BY Curt Anderson
My Friend Mark Stephens
This is not a eulogy or an attempt to capture Mark Stephens in writing; that would be an impossible task. It’s merely an effort to explain why I loved him so much.
Much was lost on August 11, 2016 when Mark Stephens went to be with the Lord. Of course we like to say that he “went to a better place”…it makes us feel better. But I don’t say it in a cavalier manner, I say it completely seriously.
Romans 10:9 says that if you “confess with your mouth that Jesus is Lord, and believe in your heart that God raised him from the dead, you will be saved.” Mark did that many years ago and endeavored to live a life that would be pleasing to God. And if you happen to be reading this I encourage you to do business with the God of the universe.
Now…about Mark Stephens…where do I start? I would describe Mark as a redneck Renaissance man, a philosopher king. Plato defined philosophers as “wisdom lovers”. That’s a good description of Mark. In a sea of shallowness, Mark was a big thinker and a man of great depth.
Of course, the many candidates Mark vanquished may not remember or appreciate him for his big thoughts. Mark was also a ‘no holds barred’ bare-knuckled scrapper. Most of today’s political operatives talk big if they are merely involved in one successful campaign, and many of them never worked on a real campaign outside of the party committee offices in DC.
But Mark Stephens played significant leadership roles in 7, yes 7, US Senate victories. And none of them were layups. Mark was a big teddy bear, unless you happened to be running against his candidate, then he was a grizzly.
I first met Mark when he was working on the now famous Jesse Helms vs. Harvey Gant Senate race of 1990. I was working for the National Republican Senatorial Committee, and since I was the most Neanderthal conservative at the NRSC, they sent me to deal with the Helms campaign.
Our first meeting was in 1989 at the Helms campaign headquarters in Raleigh, NC. Mark told me that he didn’t have much use for the national Republican Party. I of course told him that I didn’t either. It was the beginning of a tremendous friendship. Ironically, years later I became the political director at the RNC and Mark served as executive director for the NRSC. Go figure.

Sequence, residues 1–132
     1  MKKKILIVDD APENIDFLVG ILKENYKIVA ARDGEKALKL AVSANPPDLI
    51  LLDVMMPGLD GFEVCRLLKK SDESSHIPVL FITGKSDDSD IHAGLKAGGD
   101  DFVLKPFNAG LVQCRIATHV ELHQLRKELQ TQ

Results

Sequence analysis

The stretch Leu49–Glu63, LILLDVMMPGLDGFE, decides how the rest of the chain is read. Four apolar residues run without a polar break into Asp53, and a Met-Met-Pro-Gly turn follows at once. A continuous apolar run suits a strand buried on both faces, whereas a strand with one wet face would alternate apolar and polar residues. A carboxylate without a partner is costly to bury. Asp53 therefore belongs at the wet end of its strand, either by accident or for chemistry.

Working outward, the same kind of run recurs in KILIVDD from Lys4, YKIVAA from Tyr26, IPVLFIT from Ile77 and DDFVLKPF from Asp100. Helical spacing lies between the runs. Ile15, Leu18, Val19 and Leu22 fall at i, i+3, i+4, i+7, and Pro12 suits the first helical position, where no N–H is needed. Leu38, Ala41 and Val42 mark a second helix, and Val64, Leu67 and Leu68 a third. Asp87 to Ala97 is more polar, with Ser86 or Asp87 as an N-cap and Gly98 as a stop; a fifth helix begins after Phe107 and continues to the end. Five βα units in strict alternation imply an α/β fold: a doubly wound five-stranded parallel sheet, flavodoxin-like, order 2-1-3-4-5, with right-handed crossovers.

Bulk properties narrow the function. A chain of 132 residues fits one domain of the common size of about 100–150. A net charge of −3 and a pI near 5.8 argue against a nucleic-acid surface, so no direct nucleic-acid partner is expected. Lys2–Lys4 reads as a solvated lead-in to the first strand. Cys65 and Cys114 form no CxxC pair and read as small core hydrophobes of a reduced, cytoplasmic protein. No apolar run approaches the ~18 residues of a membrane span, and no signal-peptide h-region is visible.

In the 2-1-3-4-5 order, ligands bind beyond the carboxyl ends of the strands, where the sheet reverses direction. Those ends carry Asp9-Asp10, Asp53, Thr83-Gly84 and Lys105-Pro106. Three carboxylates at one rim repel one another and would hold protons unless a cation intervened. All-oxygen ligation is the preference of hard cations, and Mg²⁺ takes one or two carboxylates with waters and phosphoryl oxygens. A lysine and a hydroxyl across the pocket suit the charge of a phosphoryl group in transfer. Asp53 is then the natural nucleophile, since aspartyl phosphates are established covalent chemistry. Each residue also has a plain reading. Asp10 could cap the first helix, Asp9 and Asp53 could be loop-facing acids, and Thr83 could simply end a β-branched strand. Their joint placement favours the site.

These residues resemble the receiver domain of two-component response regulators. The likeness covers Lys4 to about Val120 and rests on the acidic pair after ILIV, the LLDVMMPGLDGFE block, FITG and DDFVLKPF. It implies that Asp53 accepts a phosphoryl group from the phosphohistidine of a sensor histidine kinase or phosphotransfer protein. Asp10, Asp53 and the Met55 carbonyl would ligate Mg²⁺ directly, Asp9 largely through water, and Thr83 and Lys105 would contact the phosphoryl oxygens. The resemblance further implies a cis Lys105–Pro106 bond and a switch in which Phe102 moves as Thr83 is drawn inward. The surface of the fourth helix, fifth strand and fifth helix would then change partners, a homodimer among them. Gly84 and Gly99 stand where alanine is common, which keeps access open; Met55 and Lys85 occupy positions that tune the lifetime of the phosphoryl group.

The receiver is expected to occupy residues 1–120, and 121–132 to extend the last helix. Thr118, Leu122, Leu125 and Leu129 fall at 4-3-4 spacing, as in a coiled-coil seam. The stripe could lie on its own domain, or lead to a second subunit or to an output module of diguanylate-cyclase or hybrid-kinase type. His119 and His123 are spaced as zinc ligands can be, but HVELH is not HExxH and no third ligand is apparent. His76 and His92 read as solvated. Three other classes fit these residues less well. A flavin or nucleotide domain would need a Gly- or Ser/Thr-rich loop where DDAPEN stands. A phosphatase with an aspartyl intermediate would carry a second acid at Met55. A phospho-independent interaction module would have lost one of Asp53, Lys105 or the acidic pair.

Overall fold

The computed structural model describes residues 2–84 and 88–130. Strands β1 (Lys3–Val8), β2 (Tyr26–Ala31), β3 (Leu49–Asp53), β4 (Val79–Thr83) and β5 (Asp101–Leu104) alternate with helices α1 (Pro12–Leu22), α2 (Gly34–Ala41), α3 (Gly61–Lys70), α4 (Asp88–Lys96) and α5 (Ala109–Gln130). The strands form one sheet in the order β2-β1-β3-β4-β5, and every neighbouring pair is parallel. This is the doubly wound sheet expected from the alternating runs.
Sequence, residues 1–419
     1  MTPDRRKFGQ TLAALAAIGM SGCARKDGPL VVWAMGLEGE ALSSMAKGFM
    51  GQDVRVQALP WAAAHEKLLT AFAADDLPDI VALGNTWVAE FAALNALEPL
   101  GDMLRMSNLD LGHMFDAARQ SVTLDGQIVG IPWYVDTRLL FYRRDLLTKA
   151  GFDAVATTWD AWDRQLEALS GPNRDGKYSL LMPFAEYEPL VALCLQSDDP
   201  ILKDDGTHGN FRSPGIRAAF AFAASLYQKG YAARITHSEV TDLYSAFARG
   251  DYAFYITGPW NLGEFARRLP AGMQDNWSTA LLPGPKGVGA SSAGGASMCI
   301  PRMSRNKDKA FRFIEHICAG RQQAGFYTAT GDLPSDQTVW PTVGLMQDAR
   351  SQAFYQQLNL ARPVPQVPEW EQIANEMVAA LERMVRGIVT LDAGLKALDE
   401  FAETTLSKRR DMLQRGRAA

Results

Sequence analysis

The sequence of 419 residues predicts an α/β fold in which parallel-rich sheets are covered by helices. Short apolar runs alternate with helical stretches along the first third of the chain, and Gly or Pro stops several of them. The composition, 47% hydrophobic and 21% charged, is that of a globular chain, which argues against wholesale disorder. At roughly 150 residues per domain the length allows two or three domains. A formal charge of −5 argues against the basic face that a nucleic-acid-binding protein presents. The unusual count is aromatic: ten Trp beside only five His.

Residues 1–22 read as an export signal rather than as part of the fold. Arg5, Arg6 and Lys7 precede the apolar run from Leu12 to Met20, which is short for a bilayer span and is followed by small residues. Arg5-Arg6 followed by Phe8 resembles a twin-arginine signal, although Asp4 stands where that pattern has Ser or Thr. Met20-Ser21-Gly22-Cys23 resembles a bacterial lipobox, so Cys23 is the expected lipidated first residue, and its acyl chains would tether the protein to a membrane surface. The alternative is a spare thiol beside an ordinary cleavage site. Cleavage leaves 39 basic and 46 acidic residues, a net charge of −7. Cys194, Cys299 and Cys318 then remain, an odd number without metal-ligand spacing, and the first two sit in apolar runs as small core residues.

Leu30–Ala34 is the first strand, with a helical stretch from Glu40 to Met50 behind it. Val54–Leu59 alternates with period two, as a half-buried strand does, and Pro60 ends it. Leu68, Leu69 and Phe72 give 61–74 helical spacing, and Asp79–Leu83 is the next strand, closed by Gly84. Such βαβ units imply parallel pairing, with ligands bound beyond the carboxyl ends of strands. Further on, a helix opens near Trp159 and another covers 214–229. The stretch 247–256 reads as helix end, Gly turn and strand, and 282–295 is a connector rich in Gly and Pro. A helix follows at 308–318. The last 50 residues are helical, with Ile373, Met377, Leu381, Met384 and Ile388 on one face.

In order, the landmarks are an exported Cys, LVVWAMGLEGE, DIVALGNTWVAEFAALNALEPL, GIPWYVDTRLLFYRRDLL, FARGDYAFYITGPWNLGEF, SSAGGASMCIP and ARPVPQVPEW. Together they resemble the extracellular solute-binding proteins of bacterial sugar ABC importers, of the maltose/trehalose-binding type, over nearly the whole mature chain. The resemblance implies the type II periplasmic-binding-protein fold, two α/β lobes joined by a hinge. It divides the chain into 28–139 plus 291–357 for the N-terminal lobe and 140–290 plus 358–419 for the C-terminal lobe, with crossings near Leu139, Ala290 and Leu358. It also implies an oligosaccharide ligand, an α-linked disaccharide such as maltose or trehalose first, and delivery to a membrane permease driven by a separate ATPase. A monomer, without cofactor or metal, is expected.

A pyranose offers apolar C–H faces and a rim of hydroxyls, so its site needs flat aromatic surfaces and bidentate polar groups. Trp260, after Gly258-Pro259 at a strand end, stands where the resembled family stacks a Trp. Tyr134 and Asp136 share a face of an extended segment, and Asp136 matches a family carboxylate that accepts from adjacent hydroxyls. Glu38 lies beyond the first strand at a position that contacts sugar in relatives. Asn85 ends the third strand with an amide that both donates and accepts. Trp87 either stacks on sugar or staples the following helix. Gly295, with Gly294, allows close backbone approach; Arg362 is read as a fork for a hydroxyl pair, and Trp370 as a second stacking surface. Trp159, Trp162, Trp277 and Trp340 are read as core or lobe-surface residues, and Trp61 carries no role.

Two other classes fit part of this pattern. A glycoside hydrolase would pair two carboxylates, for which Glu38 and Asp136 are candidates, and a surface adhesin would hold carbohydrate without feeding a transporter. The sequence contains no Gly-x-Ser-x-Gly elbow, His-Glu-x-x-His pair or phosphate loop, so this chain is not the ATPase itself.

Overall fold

I have to say that I greatly admired Mark’s aw shucks southern country act. Oh, the southern part wasn’t an act, but the deliberative slow talking thing was something he used to great advantage. I don’t know how many times I would get a phone call where it would start something like this – “aye, uh, aye, uh, Curtie, I don’t know much, I’m just an old country boy from Carolina, but I been thinkin….”
There was nothing “metro” about Mark. Mark was an old-school man’s man, and a true southern gentleman. Women were usually “sweetie” or “darlin”, and he treated them with great respect.
Make no mistake about this – the reason Mark devoted his professional life to winning elections had nothing to do with vanity or money or self-advancement or even the Republican Party. Mark’s motivation was his great love for this country and his great concern about the direction we are sliding.
True friendships are hard to explain. Sometimes Mark and I worked on campaigns together and spoke every day. In other seasons, we would only speak every few months. But for some reason, we just simply connected, we understood each other, I suppose we shared a very similar world view. I liked talking to Mark about anything — history, politics, football, theology, food, family, you name it — he could converse about it.
I will miss Mark. Cindy and the kids and grandkids will miss him more than the rest of us will of course. As King David said, roughly paraphrased – he will not come back to us, but we will go to him.